On one of our adventures to the bottom of the Grand Canyon my dad said to me, “Sometimes it is not about the sunset but instead what is behind it.” As I turned around hoping for this to be true, we saw these three ladies bundled together watching the sun sink behind the ridge. He was right.
My hike down the Grand Canyon was my first true adventure. It was the first time I was out in the world, taking a risk, using snow cleats, walking for miles and putting myself in true danger that didn’t necessarily have to be dangerous.
Both trips to the Canyon were in the winter when the top of the ridge was covered with feet of snow. At the very top I remember looking down, clinging to the idea that I had a fear of heights. We both sat on a rock and clamped on our cleats making sure they gripped tightly to the top of our shoes. Looking back I wish I video taped our faces when we saw the downward sloping ramp of a path. It was covered in a mixture of frozen clay and ice, an orangish color.
Timidly we placed a foot on the ice, still without our full body weight, debating the eight hours of walking ahead. My dad had done this before, he knew what he was doing, yet we couldn’t seem to bring ourselves to fully step on the path. This is until we watched families full of children below the age of 12 gliding by as if they were on a vacation in Florida, walking to the princess’s castle in Disney World.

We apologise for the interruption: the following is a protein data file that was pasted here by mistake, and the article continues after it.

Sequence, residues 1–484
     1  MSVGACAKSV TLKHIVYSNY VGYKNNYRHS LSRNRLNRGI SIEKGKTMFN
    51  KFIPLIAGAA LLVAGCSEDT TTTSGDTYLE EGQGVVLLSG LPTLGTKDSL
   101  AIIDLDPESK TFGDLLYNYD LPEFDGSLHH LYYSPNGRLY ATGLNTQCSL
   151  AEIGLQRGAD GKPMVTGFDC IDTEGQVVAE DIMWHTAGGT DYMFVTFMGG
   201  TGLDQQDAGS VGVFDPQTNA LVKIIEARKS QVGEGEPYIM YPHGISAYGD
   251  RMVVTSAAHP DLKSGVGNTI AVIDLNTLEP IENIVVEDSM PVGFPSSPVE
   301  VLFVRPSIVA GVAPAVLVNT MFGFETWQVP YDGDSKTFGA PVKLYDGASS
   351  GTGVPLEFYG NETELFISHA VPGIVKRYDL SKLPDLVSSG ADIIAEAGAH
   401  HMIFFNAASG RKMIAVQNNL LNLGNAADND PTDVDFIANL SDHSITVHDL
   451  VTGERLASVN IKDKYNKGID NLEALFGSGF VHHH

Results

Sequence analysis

And so we followed behind. One foot in front of the other. Some paths were thick and as comfortable as walking through an alley way in New York City while others were thin, daunting. On the Angel trail we huddled against the wall, letting the donkeys, following the understood “rules” of the canyon.
At this moment Im not confident that I can truly explain to you the feeling of accomplishment that washes over your body, the beauty, the fresh air, absorbing nature. It is all too complex, the best way I can explain it is an equivalent to a runner’s high explosion. You feel serene and it lasts for days.
So to spare the joyful descriptive words of the earth tones forming layers of rocks or the way the light plays with the ridge, making it appear as if there are thousands of carved faces, I am just going to break down picture by picture.
This is the destination, the Phantom Ranch. It is the lodge at the bottom of the canyon, tucked in a thin valley. Offering comfortable beds and a steak for dinner, this place is an Oasis after a long journey.
The people who sleep beside you at this ranch is always a surprise. On our first trip I bunked below an white haired, eighty year old widow, originally from Poland but had moved to Alaska with her husband in her young twenties. “Before they found the oil!” she stated.
Sitting down to a family style meal in the dining room you can witness the melting pot of personalities. Young men traveling alone, a large group of middle aged italians, four men and a boy bragging about their trek through the closed northern end of the ridge, holding their hand five feet above the ground to demonstrate the snow drifts above the boy’s head. There was the library type reading in the corner, the hippie making a hemp bracelet and a Johnny Cash want-to-be strumming his guitar, humming along, “I walk the line…”
The one thing we do have in common is that we are all nestled in to the bottom of a canyon. This melting pot of people all took the same steps and came for a reason, whatever that may be. All of us watched the same sunset.